Jobs apparently contacted Brian Lam, the tech blog's editor, to request the
return of the device. Lam responded by saying "he would return the iPhone
on the condition that Apple provided him with a letter stating the iPhone
belonged to Apple." Once it was returned to the company, Apple engineers
found the prototype had suffered a broken ribbon cable, an electrical short
caused by a misplaced screw, broken back plate straps and stripped screws in
the course of its disassembly.
Broad described preparing a search warrant for Hogan's residence to search
for more evidence related to the iPhone prototype, when Hogan's roommate called
to say Hogan and another individual "were made aware of the investigation
and were in the process of removing evidence from the residence." Hogan
apparently drove to his father's house, where the police found him; Hogan's
digital equipment, including his cell phone, was subsequently seized.
The next step for Broad was to search Jason Chen's residence. "I
believe that the evidence of the theft of the iPhone prototype, the vandalism
of the iPhone prototype and the sale of its associated trade secrets will be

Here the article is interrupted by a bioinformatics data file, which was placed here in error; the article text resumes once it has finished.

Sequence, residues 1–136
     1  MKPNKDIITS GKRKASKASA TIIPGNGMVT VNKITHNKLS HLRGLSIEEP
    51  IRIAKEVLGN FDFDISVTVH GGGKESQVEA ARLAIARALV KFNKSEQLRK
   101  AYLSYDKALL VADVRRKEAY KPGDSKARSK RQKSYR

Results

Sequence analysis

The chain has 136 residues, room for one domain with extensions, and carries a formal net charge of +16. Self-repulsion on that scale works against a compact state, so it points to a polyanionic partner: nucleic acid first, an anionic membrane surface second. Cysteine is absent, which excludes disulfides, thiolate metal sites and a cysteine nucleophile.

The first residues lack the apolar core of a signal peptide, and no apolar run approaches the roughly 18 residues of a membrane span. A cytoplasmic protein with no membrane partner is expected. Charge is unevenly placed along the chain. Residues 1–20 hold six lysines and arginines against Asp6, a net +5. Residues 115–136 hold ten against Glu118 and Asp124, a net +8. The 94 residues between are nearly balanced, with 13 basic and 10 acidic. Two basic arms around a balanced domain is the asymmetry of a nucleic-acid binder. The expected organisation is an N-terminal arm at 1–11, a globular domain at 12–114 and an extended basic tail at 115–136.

found in and/or upon the items requested in Appendix A," Broad wrote,
referring to a document describing Chen's townhouse in Fremont,
Conducting the raid on the house were members of the state of California's
REACT (Rapid Enforcement Allied Computer Team) Task Force, whose 25-company
steering committee supposedly includes Apple. After arriving late April 23,
those officers apparently seized four computers and two servers. Gawker Media
Chief Operating Officer Gaby Darbyshire argued that the search warrant was
invalid, on the grounds that Chen's digital media contained data about sources
and were thus protected from seizure under Section 1070 of the Evidence Code.
News organizations ranging from the Associated Press to Bloomberg News and
Wired joined in a court filing to unseal the search warrant affidavit, which
remained sealed until May 14 despite a California
law dictating that such documents be revealed to the public after 10 days.
Other participants in the filing included the Los Angeles Times and the First
"The execution of this search warrant on a journalist has created a
public debate over, among other things, whether a basis existed to obtain a
warrant [notwithstanding] the provisions of the Federal Privacy Act ... and a
similar state law ... that protect First Amendment rights," reads the media
organizations' filing, which
can be found here.
"The records that would help answer these questions include the
affidavit submitted in support of the warrant and the return, which 'shall be
open to the public as a judicial record' once the warrant has been executed or
10 days after issuance," the filing said. "But despite this clear
right of access, all records relating to the warrant have been sealed-and the
clerk's office will not even release the order sealing the records or the
Now that the document has been released to be public, at least some of those
questions may be answered.